Chemical peels containing either a mixture of glycolic and salicylic acids or only 50% pyruvic acid are associated with relatively similar improvements in acne lesions, skin hydration, and skin color in patients with acne, according to study research published in the Journal of Cosmetic Dermatology.
Healthy women (mean age, 23±1.6 years) with acne participated in this split-face comparative study. After cleansing the face with micellar water and a 20% glycolic acid cleanser, patients applied a gel containing glycolic acid and salicylic acid to the left side of the face and a preparation containing 50% pyruvic acid to the right side of the face. Treatment was applied 4 times every 2 weeks. At baseline, 1 month, and 2 months after treatment, the researchers assessed hydration, sebum secretion, and skin pigmentation on the forehead, cheeks, chin, and nose. Treatment satisfaction was also assessed.
On the right side of the face, which was treated with 50% pyruvic acid, hydration significantly increased on the forehead (P <.01), cheek (P <.05), and chin (P <.05) compared with pre-treatment values. At 2 months, the 50% pyruvic acid preparation increased the median skin hydration values on the forehead by 11.3 (P <.05), on the cheek by 20.0 (P <.05), on the chin by 9.6 (P <.05), and on the nose by 15.4 compared with pre-treatment values.
The cheek on the left side of the face had a significant increase in skin hydration following application of the glycolic and salicylic acid mixture (P <.01). Compared with pre-treatment values, the median hydration at 2 months was significantly increased by 28.1 on the left cheek (P <.05). In addition, the mixture of glycolic and salicylic acids significantly affected skin pigmentation on the forehead (P <.05), cheek (P <.05), and nose (P <.01).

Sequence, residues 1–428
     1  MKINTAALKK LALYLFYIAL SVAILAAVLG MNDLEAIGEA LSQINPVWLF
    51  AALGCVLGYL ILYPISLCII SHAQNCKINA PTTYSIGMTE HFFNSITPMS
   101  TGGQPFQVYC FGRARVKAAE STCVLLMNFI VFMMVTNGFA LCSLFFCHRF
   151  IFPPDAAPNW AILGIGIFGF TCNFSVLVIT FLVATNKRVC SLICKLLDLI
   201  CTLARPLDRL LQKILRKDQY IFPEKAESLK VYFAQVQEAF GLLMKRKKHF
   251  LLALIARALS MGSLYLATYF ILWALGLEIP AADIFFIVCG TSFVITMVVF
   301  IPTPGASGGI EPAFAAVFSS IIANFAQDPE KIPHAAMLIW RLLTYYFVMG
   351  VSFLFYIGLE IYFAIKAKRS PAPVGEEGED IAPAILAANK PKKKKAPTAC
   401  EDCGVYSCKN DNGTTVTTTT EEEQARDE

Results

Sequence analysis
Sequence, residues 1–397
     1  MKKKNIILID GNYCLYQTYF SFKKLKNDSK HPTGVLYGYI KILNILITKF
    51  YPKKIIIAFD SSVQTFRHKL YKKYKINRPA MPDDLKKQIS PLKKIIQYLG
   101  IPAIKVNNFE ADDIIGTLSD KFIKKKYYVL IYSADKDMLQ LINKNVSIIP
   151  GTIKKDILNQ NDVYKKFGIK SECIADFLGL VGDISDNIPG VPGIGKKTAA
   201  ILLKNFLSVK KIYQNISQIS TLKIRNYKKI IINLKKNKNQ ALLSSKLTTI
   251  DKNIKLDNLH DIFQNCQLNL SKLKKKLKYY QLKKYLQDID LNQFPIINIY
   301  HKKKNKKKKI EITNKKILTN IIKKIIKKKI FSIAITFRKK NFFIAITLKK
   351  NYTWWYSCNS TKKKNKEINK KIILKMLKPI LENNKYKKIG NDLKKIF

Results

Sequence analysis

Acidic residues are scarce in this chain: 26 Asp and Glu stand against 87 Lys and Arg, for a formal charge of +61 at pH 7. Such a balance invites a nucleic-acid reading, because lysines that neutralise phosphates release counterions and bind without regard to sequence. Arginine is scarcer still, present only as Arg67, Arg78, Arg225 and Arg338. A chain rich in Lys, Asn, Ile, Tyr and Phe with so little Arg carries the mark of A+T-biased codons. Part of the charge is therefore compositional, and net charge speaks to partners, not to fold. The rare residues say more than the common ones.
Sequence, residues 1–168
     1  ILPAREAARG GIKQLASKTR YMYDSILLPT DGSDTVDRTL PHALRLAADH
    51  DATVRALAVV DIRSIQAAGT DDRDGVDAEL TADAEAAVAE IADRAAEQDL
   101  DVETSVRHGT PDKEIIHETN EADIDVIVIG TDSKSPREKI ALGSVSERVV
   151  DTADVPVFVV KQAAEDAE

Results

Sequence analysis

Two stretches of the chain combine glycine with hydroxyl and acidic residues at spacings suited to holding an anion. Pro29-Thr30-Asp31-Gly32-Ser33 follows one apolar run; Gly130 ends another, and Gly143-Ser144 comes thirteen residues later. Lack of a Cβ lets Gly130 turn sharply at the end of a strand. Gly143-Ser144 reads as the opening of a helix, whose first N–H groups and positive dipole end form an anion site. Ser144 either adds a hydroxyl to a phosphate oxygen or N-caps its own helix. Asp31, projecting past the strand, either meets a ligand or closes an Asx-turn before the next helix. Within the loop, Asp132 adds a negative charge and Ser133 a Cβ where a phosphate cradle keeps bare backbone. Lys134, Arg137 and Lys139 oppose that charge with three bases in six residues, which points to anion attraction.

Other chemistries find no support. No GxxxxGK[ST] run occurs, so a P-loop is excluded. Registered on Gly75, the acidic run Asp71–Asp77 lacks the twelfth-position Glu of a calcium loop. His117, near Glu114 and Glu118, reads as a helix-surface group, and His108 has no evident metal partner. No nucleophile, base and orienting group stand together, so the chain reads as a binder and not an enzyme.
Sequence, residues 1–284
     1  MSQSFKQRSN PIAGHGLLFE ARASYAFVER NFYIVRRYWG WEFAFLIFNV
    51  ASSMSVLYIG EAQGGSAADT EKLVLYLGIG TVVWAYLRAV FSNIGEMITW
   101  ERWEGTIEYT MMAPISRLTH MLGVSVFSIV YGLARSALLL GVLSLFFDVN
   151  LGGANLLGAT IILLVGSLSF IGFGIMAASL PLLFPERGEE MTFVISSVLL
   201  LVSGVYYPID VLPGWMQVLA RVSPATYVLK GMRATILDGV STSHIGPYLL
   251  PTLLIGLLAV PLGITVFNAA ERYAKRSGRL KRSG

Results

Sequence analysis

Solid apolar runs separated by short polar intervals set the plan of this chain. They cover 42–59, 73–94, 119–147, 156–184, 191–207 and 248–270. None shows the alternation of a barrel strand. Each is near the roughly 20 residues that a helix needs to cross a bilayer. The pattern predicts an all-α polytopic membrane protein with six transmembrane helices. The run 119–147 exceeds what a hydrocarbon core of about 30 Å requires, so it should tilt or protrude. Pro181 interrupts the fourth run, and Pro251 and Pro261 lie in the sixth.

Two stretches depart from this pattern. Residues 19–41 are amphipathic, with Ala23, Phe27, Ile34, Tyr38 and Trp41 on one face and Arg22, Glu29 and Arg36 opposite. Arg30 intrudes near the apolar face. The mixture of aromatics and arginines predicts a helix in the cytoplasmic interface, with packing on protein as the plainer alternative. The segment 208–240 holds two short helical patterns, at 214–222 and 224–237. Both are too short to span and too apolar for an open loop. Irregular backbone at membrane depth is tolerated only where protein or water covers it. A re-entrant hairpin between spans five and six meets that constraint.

All of the patients reported satisfaction with both peels. The peeling with the acids in this study did not have a significant impact on sebum secretion.
Study limitations included the small sample size, inclusion of only women, and lack of a randomized control group.
The investigators concluded that pyruvic acid and a salicylic and glycolic acid mixture “can be successfully used to improve skin hydration as well as reduce the number of blackheads, excessive activity of sebaceous glands, and hyperpigmentation.”
Zdrada J, Odrzywołek W, Deda A, Wilczyński S. A split-face comparative study to evaluate the efficacy of 50% pyruvic acid against a mixture of glycolic and salicylic acids in the treatment of acne vulgaris [published online January 10, 2020]. J Cosmet Dermatol. doi:10.1111/jocd.13288